The difference between being isolated by choice and by force

Many people are socially more isolated these days due to coronavirus. I’m no exception.

Is it easier for me because I’m an introvert and used to be alone most of the time? Yes and no. At first, I thought it’ll be pretty much the same. But it’s not. I finished exhausting psychotherapy recently and I was craving some alone time badly. But now I’m craving human contact as badly as I was craving being alone. Just at the right time, when we were told to stay away from each other as much as possible.

I’m not surprised at all. It’s the way our minds work. We tend to wish for what we can’t have, many times. Sounds familiar?

Thankfully, we have quite good technology that connects us to our loved ones when they’re not around. They’re always just a click or a phone call away. And we have the whole internet full of people to socialize as much as we want to.

This is all great, but nothing can replace human touch and physical presence. It just makes a difficult time a bit easier.
Here and now is all we have and it’s up to us to make the best out of it. Accepting this is not nearly as easy as it might sound. But it’s better than wishing and craving for something more than it’s available at the moment. Some dreaming is good though.

What about you, how do you cope with being isolated a bit more than usual?

Further reading:
Fixing The Issue Of Always Wanting What You Can’t Have
How to be happier with what you already have and stop wanting more
The Power of Acceptance: Stop Resisting and Find the Lesson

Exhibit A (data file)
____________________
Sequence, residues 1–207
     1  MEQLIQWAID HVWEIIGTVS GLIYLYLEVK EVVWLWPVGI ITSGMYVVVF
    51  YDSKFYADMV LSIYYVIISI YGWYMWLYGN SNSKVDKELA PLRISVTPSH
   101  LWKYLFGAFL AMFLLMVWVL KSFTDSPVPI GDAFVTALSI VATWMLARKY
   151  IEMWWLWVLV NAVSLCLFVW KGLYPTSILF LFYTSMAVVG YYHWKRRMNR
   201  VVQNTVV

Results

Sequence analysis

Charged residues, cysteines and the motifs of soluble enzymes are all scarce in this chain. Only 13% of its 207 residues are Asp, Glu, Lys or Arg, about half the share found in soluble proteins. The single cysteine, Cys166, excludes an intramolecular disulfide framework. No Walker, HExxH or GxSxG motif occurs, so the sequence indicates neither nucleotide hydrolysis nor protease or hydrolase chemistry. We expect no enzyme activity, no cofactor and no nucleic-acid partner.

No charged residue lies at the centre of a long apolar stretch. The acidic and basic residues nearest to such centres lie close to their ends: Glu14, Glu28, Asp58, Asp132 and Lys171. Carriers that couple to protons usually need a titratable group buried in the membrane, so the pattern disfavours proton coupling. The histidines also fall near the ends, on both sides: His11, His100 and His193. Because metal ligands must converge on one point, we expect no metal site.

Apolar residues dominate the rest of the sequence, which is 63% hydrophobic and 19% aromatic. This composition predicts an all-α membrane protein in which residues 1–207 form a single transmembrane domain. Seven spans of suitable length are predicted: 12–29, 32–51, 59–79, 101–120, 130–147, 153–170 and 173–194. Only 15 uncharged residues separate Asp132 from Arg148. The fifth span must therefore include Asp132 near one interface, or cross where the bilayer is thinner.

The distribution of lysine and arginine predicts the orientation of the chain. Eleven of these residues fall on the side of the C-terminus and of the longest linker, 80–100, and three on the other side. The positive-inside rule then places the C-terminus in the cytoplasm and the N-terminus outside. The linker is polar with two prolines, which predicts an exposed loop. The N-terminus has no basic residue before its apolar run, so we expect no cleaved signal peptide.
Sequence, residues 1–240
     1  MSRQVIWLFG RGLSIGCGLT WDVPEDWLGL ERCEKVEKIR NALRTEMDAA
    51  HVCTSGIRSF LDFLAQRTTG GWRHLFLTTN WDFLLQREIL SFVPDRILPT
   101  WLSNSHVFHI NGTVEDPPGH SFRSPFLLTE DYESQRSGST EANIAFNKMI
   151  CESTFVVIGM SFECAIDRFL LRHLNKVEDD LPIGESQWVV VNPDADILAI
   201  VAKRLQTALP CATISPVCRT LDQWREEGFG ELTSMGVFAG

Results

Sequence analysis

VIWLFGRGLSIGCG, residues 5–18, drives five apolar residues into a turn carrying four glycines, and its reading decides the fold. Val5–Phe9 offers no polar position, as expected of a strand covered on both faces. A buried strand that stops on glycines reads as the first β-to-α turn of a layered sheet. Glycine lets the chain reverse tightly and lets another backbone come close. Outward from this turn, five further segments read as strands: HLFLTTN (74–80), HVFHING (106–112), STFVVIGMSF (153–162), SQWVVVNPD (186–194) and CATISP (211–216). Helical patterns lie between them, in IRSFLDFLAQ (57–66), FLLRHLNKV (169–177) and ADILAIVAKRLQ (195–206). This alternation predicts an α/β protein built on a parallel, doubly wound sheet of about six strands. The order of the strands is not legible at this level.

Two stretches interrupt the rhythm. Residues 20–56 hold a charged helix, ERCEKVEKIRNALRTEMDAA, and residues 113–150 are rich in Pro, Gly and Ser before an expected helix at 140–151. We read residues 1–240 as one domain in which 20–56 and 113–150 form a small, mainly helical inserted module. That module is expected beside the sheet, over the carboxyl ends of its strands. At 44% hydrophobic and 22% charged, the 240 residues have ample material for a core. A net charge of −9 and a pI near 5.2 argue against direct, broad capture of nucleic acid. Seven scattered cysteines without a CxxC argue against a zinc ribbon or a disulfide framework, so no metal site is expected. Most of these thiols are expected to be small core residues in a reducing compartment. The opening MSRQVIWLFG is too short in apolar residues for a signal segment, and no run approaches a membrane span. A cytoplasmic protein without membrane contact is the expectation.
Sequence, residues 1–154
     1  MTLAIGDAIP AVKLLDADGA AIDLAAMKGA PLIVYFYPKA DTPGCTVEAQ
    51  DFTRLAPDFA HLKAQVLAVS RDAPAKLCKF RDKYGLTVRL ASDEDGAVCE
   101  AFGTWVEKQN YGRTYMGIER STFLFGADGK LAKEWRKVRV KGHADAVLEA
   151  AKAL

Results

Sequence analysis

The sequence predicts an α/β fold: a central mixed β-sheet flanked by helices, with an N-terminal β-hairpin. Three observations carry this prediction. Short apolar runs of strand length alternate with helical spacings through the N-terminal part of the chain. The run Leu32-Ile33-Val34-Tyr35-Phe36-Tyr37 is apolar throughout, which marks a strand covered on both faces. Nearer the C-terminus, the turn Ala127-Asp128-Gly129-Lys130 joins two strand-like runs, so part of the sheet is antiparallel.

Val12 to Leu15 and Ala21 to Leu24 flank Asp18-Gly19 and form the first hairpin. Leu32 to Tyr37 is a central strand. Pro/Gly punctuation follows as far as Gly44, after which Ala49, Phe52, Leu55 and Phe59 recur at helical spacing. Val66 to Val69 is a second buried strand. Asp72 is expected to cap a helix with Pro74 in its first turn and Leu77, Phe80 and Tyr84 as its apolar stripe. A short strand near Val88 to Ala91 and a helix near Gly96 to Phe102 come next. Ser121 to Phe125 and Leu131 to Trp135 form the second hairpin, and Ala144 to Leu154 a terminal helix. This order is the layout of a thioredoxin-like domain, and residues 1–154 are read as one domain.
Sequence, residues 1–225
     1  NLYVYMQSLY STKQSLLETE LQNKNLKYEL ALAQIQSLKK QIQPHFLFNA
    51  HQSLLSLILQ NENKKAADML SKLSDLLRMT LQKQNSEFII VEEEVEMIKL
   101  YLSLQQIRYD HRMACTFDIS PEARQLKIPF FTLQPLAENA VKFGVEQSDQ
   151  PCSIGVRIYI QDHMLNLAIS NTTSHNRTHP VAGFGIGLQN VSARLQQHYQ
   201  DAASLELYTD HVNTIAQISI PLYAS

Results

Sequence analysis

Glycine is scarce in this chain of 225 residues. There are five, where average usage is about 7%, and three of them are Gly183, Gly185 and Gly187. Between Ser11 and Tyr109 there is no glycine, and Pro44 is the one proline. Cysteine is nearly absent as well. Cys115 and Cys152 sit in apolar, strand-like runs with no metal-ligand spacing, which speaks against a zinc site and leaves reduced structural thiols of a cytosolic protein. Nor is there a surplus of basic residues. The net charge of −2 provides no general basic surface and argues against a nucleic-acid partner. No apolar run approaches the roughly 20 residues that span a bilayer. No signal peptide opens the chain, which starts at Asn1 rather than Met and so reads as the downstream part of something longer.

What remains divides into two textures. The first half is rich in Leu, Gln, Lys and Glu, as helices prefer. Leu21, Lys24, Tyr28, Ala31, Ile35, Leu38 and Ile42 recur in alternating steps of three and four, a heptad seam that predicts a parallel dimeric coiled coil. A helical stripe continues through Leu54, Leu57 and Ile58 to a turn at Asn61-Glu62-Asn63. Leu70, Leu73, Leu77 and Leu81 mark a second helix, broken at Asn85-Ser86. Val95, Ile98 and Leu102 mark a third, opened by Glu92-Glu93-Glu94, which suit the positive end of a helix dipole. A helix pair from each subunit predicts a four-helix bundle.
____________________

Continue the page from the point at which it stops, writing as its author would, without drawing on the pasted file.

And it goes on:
113 Fun activities to do at home with kids while self-isolating
Restricted movements and self-isolation
‘Pause, reflect and stay home’: how to look after yourself and others in self-isolation

21 Replies to “The difference between being isolated by choice and by force”

  1. I’m actually the other way around. I’ve been isolated not by choice but because of health as well as the isolation inherent in society, and lack of communities, and now that everybody’s in the same boat it will be easier! Plus I can share my tips with people :D.

    Liked by 3 people

    1. Also the world will be quieter. I do feel for you though and many people who won’t know what’s coming. It will definitely be difficult for everybody, isolation is a killer.

      But, perhaps out of it some community spirit will arise, and maybe it won’t turn out to be as bad as it currently looks. One day at a time 💙.

      Liked by 4 people

  2. It’s funny, I’m an introvert but I am surprised how quickly I feel lonely if the house is empty. Working in healthcare however I will have no shortage of human contact during this outbreak!!!!

    Liked by 5 people

      1. I have been checking in with my elderly Mom a couple of times a day. I would like for her to be able to come to our house and hang out but I am worried we will by accident convey the virus although we don’t have the symptoms. We are staying at home by choice. She is staying at home. We have technology to keep us together

        Liked by 3 people